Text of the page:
Last week we enjoyed an exquisite evening of bidding farewell to our wonderful Grade 7s, each of them such sterling representatives of our Kairos School of Inquiry — and yet uniquely so. This occasion was a particularly momentous event for our school, for it included the farewell of the first child who has travelled the journey of Grade 1 to 7 in Kairos: Gabriel Poulsen. His journey from a little boy to an empowered young teenager is an inspiration.
I have been privileged and proud to have had Gabe play a major part in my life: I witnessed his journey through primary school, seen him experience various teachers until Jeffrey Davis’s passionate dedication over the last two years as his Class Teacher (assisted by our collaborative Kairos team), and now (next week) he leaves our little nest and spreads his wings, along with his fellow Grade 7s.
Meanwhile, over these seven years Gabe has watched me become a school principal and then a father. Simultaneously, Maya and I look ahead to the exciting journey as our own little sprogs traverse the tempestuous adventure of their growing up. “I can see / You walking away from me towards the school,” wrote Cecil Day-Lewis, contemplating the link between growing up and the love that enables that journey. He concludes that poem with the idea that witnessing his son walking away to school illuminated for him, “How selfhood begins with a walking away / And love is proved in the letting go.” The journey of growing up is a courageous adventure — sometimes painful, sometimes educational, always magical — and watching our children or our students, as parents or as teachers, is an experience of love.
Any meaningful relationship is going to be a transformative journey for everyone involved — in this week’s case, our Grade 7s, their parents and their teachers. Each moment is an educational opportunity, a seed in the emerging forest of memories that forms one’s psyche. If we adults respond in a way that meets the child with sufficient creativity, integrity and maturity that provokes him or her to gain some new understanding — of him or herself, of another, or of something in the world — the ultimate forest that forms that Self will flourish as a living ecosystem in an ecosystem of ecosystems.
The Greek word kairos speaks to this idea. Each moment is an opportunity. If the teacher or parent responds to a situation in the most appropriate way possible, the moment becomes extracted out of the sequential series of incidents as defined by kronos — clock time — and takes on a kairosian quality. For the ancient Greek, kairos was “the passing instant when an opening appears which must be driven through with force if success is to be achieved”. Etymologically, it was the exactly right moment for an arrow to reach its target, or the exact moment of which a weaving shuttle easily slips through the threads of a loom.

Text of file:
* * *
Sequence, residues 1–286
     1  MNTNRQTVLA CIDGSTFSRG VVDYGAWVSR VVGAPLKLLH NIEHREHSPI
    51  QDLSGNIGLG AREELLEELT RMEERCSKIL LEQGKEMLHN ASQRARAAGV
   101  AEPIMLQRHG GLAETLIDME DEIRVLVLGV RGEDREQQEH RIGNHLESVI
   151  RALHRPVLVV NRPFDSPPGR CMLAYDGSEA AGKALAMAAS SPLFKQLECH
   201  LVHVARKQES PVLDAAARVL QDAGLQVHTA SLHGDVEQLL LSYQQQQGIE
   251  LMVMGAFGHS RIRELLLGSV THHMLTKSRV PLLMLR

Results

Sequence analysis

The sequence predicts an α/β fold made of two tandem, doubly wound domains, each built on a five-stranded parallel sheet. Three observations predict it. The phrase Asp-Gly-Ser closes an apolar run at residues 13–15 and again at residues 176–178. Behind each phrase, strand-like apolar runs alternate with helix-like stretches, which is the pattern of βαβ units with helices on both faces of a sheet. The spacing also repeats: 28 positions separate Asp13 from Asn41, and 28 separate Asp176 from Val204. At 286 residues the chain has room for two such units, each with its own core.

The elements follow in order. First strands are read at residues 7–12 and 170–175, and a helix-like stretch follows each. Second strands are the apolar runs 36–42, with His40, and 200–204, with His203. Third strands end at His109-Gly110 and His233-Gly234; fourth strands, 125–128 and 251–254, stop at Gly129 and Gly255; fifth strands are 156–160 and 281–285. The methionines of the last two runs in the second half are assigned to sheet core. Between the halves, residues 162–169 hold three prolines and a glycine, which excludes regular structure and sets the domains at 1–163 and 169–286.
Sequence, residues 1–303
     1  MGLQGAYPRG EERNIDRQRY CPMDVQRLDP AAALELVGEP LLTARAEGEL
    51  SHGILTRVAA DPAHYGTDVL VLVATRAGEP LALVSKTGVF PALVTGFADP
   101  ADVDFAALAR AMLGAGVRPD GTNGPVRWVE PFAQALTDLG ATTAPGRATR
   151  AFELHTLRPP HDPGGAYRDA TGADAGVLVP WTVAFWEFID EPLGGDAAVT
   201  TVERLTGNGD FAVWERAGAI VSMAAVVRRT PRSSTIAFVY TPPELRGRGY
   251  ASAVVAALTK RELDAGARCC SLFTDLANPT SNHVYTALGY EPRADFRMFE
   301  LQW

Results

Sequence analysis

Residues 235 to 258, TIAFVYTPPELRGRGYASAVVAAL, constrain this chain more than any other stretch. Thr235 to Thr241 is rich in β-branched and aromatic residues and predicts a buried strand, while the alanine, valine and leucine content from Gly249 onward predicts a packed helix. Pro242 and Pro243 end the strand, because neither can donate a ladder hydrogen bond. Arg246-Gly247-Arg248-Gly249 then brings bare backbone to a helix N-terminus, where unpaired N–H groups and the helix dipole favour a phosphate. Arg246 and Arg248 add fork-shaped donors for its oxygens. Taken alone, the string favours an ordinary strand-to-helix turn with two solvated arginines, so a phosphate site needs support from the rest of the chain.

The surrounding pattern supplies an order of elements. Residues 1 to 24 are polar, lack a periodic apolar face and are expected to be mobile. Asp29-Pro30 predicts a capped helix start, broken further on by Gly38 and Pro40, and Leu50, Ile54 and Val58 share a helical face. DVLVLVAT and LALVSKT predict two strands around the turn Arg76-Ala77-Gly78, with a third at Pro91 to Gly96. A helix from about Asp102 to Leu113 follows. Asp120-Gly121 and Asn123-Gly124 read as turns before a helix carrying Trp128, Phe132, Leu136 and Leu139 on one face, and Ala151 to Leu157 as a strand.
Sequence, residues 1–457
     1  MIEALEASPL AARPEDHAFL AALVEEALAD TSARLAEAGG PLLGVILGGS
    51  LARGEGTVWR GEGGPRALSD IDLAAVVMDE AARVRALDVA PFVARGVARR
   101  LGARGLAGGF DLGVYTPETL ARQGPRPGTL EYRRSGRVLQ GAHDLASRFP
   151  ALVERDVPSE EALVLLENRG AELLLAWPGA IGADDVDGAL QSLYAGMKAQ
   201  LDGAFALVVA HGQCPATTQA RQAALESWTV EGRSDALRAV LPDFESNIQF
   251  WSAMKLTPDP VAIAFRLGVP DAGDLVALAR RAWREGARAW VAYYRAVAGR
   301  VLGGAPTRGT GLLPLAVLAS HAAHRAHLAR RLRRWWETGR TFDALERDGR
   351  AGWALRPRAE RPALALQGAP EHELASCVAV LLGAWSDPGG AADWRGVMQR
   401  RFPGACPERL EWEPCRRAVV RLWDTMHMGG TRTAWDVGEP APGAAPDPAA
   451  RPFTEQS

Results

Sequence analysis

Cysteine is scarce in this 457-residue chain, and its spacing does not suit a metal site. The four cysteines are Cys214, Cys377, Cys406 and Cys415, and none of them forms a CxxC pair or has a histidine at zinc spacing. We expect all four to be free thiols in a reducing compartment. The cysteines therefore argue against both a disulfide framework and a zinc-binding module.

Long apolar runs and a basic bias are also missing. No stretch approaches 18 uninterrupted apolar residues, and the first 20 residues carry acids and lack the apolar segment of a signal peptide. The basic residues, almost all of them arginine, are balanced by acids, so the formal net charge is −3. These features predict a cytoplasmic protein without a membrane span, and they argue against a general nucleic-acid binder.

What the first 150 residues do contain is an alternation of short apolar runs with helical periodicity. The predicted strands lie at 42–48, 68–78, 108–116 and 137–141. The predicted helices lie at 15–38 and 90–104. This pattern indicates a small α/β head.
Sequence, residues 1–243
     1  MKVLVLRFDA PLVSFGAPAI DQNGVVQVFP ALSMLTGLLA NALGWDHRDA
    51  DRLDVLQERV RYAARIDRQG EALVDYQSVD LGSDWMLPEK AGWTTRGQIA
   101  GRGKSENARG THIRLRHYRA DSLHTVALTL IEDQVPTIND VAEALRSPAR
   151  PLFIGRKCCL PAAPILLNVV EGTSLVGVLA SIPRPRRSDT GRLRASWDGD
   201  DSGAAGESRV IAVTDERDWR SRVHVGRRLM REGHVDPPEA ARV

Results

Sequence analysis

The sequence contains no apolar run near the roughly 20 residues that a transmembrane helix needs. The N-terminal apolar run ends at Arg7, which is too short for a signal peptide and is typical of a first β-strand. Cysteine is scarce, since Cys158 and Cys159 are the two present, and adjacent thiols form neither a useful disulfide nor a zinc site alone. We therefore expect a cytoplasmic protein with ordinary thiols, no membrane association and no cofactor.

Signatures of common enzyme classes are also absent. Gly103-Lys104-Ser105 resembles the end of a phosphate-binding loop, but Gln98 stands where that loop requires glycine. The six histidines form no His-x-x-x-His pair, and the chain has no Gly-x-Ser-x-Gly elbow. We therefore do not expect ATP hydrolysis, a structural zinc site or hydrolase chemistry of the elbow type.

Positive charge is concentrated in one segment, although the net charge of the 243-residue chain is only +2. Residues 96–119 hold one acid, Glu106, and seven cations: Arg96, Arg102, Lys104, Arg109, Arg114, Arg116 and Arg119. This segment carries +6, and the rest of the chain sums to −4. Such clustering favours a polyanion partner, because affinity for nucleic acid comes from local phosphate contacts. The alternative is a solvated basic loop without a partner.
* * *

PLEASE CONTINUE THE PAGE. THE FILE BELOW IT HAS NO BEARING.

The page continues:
All experiences of discovery and anything sacred happen in kairos time. Christians like to regard the birth of the Master Jesus the Nazarene as a kairos moment. The meeting of one’s life partner is likely to be kairos moments. Every now and again a teacher or parent finds him or herself experiencing a transformative kairos moment, where a child gains a fresh perspective, a new insight, an aha-experience. Sometimes this happens in a group, sometimes it’s a passing interaction with someone in the corridor. A heightened mood of awareness is felt, a recognition that what is happening right there and then is significant.
Just as each teacher aspires to serve each educational moment with an intent for some kairosian magic, we as a school aspire to sustain ourselves as a community in such a way that kairosian moments are more likely to be experienced in the classrooms, corridors and playground. This is an ambitious challenge, and needs constant awareness and on-going efforts at renewal.
We need to maximize our diversity so that the differences between us enrich our experience of humanity. We need to free ourselves from oppressive influences of certain aspects of the schooling system, while at the same time empower our children to feel equipped with the skills and knowledge required by the world “out there”. We need to achieve all this while protecting the financial security of the school through often difficult, business-minded decisions. And we need to support each other, teachers and parents, in the emotional challenges of being part of an evolving school. All this will always be work in progress, and the journey towards any summit invariably brings new previously-unimagined summits yet to climb.
Last Wednesday’s valedictory farewell to our Grade 7s was for me, and evidently many present, a kairos moment. Many children, parents and teachers gained a fresh appreciation of the journey these Grade 7s have taken in their journey through childhood thus far, of which we at Kairos have been privileged to be a part.
The anonymous Chinese poem, translated by Lin Yutang, describes how relationships take on a transformative quality for each person. Teacher and student have a mysterious influence on each other.
“…Take a lump of clay,
Wet it, pat it,
And make an image of me,
And an image of you.
Then smash them, crash them,
And add a little water,
Break them and re-make them
Into an image of you,
And an image of me.
Then in my clay, there’s a little of you.
And your clay, there’s a little of me.
And nothing ever shall us sever…”
Farewell, dear Claudia, Daniel, Gabriel, Jude, Luna-belle, Nimué and Ruby Rose. A little of each you will live on in each of us at Kairos. And no doubt you will take a bit of Kairos magic with you as you continue with your unfolding adventures ahead.
With headmonsterly wishes for a beautiful restful preparation for the year ahead,